Employers know that one of the easiest ways to find a whole group of candidates for entry level professional jobs is to recruit at college candidates. But, is that also age discrimination?
A 53 year old accountant filed suit against accounting giant Price Waterhouse Cooper last month alleging just that. According to the suit, PWC recruits almost exclusively at college campuses for entry level accounting jobs, thereby limiting their hiring to only younger workers and excluding those, like the plaintiff, who fall into age protected classifications. By the way, PWC reports its average age of PWC workers in 2011 was 27.
This same type of argument has been made against companies who solely recruit through online job sites, like Indeed and others with the argument that significantly fewer job candidates who are older use those sites. News organization Reuters reports that Facebook settled a lawsuit in 2013 which alleged that the company posted job ads for “recent graduates”, thereby excluding older workers, and Google and Twitter are facing similar suits.
The plaintiff in the suit against Price Waterhouse claims that the company’s focused recruiting on college campuses created a disparate impact against older would-be applicants. In essence, while PWC has never overtly limited its hiring to only younger workers, the effect of its hiring practices is to exclude older applicants and those who do not have access to campus job fairs and recruiting initiatives.
How can employers avoid falling prey to a claim like this? First of all, if your business has a website that includes job vacancies, always post every job on your website. While entry level jobs are most often the domain of younger workers looking for a toehold in the workforce, don’t limit recruiting or advertising to colleges or schools in general because the vast majority of students are younger. Although statistics show that fewer people read job ads in newspapers these days, and fewer still are younger readers, newspaper ads can still reach candidates that might not be tech savvy but still can be good workers. Finally, follow the general rule to reach as broad of a cross section of the population as possible. Trade magazines or newspapers are okay as long as they reach a variety of possible candidates in terms of age, gender, race, etc. who are interested in that particular area of work. Local papers or publications are fine also, but it’s best not to limit recruiting to that medium alone if your advertisement is not likely to reach a diverse group of people.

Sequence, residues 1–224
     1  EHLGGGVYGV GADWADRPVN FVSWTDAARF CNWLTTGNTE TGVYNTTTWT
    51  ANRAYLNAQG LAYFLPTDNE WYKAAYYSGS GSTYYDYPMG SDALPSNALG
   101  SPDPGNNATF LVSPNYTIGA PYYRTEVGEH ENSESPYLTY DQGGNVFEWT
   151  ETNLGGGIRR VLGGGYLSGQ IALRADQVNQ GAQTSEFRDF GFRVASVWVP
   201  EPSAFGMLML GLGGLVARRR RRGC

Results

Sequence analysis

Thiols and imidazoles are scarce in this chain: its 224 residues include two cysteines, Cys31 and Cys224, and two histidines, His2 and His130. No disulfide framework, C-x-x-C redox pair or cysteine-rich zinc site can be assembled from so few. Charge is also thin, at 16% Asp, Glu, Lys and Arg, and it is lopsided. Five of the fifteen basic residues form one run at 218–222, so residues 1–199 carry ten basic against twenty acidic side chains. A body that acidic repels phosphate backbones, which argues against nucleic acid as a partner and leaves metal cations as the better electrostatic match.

The lawsuit is titled Rabin v. PricewaterhouseCoopers LLP, Case No. 3:16-cv-02276, pending in the United States District Court for the Northern District of California.